The long process of reforming surrogacy laws in the UK continues, with legislation expected from the Law Commission of England and Wales and Scottish Law Commission early next year (see BioNews 1097).
In addition to consulting with stakeholders and experts, the joint law commissions have looked abroad for inspiration. The UK is not alone in updating its surrogacy laws: earlier this year, New York state passed the Parent-Child Security Act, which claims to streamline the process for establishing parenthood for non-biological parents, allows gestational surrogates freedom to make their own health decisions – while clarifying they are not responsible for healthcare costs – and establishes legal criteria for gestational surrogacy agreements. Colorado recently joined New York and 24 other US states in regulating surrogacy, with Governor Jared Polis signing HB1022 [Surrogacy Agreement Act] into law in May 2021. These new reforms in Colorado are designed to safeguard prospective parents, surrogates and children.
The state of Colorado now has eligibility requirements for surrogacy: both surrogates and intended parents must be at least 21 years of age, undergo medical screening, and have independent legal representation licensed in Colorado throughout the arrangement. Surrogates must have had at least one child already and must additionally undergo mental health screening. No such screening is required for intended parents.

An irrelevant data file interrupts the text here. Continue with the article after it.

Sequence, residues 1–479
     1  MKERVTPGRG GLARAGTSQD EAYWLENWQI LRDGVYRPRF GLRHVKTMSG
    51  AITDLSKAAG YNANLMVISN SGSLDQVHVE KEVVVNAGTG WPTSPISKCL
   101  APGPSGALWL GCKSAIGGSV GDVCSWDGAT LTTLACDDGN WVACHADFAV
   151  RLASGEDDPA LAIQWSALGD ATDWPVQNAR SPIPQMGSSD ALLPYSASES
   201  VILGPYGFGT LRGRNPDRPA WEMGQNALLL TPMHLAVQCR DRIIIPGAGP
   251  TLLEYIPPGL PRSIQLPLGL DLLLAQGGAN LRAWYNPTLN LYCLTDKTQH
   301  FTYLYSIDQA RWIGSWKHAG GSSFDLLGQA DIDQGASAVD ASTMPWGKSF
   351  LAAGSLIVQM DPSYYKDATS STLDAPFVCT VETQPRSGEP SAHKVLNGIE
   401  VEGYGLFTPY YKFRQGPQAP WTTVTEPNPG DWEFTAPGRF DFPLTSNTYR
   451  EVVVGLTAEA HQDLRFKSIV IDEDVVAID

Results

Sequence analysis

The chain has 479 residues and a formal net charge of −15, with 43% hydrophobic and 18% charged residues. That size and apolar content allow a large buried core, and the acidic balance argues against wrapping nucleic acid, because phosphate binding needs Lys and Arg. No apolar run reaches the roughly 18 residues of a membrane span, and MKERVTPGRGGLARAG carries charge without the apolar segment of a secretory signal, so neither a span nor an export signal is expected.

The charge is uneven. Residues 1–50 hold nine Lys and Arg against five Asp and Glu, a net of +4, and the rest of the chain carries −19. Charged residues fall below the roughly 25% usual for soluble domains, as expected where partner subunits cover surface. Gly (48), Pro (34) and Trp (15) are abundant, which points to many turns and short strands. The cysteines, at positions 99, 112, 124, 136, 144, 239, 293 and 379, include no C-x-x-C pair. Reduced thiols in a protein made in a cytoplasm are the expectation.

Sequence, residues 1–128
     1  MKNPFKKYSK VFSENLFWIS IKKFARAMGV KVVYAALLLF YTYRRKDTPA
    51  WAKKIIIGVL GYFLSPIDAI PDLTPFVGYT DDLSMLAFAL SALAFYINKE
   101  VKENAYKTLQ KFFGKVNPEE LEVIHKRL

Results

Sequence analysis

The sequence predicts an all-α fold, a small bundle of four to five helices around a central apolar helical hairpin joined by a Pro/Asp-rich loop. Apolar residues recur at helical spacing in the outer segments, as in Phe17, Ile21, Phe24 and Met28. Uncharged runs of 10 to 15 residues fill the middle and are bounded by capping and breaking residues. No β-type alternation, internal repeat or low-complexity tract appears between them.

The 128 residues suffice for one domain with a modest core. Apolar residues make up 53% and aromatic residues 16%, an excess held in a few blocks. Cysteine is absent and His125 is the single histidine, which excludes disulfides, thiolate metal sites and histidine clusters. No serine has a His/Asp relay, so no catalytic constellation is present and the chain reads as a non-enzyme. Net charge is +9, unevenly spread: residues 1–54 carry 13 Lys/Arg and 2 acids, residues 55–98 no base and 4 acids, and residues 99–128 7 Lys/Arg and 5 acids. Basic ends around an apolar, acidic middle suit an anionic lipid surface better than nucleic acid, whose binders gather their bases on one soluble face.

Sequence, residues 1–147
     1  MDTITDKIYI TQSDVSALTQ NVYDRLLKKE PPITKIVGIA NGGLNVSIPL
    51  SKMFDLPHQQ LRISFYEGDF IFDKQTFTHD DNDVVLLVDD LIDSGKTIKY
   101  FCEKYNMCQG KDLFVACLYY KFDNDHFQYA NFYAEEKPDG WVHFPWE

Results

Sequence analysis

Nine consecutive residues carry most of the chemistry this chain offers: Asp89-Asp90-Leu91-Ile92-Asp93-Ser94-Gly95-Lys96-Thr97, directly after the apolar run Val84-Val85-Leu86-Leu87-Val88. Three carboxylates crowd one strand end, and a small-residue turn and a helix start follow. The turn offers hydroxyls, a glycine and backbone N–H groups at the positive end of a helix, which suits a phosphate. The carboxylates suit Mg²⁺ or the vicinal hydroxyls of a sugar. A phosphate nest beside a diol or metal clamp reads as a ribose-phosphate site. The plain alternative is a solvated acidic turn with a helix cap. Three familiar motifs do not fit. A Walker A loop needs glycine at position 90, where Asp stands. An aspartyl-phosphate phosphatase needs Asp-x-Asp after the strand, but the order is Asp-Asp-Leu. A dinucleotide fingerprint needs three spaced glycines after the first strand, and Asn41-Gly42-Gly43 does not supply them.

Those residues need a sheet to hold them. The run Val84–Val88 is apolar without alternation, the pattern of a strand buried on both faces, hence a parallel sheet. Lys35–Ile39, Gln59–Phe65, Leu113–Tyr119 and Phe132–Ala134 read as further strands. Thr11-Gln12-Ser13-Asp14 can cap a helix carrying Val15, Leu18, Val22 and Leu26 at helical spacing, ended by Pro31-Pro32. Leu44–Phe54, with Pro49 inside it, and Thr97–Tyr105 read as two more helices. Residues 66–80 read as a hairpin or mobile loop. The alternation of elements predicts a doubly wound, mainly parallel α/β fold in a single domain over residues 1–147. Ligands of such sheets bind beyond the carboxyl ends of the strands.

Currently, in the UK section 54 of the Human Fertilisation and Embryology Act 2008 (HFE Act 2008) sets out eligibility criteria for parental orders – the court orders necessary to transfer legal parenthood from the surrogate to the intended parents. Of particular relevance, at least one applicant must be related to the baby and live in the UK. There are no legally mandated eligibility criteria for surrogates, nor is there any required psychological or medical screening. Where a fertility clinic is used, surrogates and intended parents must undergo counselling to make sure they understand the implications of being or using a surrogate. However, not all surrogacies will require the use of fertility clinics, as many 'traditional' genetic surrogacies occur informally using 'DIY' methods.
Implications counselling should be required and needs to be made universal in the UK to protect the health and wellbeing of all people involved, as it has been in Colorado. In this country, we should go further than Colorado, and require mental health screening rather than just physical 'medical' screening and counselling for both surrogates and intended parents. Surrogacy can be a joyful event for everyone involved, but the relationships flowing from surrogacy can be complicated. It is crucial that all parties have the same aims, and receive support to mitigate any potential stressors arising out of the shift to parenthood.